Compensating Local Governments for Loss of Tax Base Due to State Ownership of Land
Service Charges in the City of Rochester
The City of Rochester has been a system of service charges since the early 1900s. Under this program, special assessments are levied on all properties that benefit from a specific services, regardless of their status for ad valorem tax purposes. Such assessments are authorized through provisions in the city charter that authorize ordinances for "local improvements," expenses of which can be assessed in whole or in part upon the property deemed benefited.25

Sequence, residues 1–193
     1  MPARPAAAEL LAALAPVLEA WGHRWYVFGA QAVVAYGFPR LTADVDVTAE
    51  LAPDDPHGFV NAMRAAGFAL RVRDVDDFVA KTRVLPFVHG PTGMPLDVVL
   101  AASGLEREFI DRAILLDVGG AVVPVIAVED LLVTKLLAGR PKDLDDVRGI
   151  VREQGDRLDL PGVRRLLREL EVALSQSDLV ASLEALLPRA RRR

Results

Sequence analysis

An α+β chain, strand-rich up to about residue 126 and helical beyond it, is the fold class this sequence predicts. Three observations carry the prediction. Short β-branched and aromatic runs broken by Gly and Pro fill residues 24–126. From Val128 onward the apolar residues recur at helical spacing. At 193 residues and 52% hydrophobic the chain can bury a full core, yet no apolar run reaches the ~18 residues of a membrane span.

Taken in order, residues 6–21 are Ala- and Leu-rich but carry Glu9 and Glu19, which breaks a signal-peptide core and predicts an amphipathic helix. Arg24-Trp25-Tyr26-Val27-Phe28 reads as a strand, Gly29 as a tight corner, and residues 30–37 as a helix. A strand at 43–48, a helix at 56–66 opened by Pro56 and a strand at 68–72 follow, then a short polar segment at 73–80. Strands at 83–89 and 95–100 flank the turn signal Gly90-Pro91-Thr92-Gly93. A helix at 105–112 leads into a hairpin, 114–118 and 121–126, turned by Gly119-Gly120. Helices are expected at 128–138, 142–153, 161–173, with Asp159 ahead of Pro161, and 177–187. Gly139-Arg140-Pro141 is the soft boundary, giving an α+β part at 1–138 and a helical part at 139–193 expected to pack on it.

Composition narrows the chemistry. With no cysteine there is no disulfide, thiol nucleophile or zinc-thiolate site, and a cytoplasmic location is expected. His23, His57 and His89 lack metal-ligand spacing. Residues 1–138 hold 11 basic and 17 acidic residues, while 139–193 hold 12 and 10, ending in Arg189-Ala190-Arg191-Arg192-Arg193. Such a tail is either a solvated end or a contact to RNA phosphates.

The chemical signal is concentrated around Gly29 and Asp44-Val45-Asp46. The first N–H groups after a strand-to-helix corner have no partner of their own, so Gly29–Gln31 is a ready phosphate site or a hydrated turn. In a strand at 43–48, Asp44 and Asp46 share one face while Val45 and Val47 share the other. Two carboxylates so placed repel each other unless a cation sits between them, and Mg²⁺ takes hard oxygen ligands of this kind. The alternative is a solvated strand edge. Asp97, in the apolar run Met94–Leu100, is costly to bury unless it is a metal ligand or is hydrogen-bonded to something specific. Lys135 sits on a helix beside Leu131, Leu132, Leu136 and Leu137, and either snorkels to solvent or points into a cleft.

Article 13 of the charter contains the procedure for imposition of these charges for "local improvements," defined as "any public improvement or work, the expense of which ... is directed by the Council to be assessed in whole or in part upon property deemed benefited..." (this is in contrast to municipal improvements, the expense of which is charged to the city at large). Except for purposes of street paving, maintenance, or repair, local improvement ordinances may be adopted by an affirmative vote of the majority of the City Council. The Council may accept petitions from property owners for the purpose of proposing improvements or work that would benefit their properties and others nearby. The petitions must include a description of the improvement or work requested, the boundaries of the proposed assessment district, and a proposed method for allocating cost among properties in the district. Public hearings are held on all ordinances requiring local improvements at the next regular meeting of the council following the ordinance's introduction. Notice of such hearings must be published at least three days prior to the hearing date.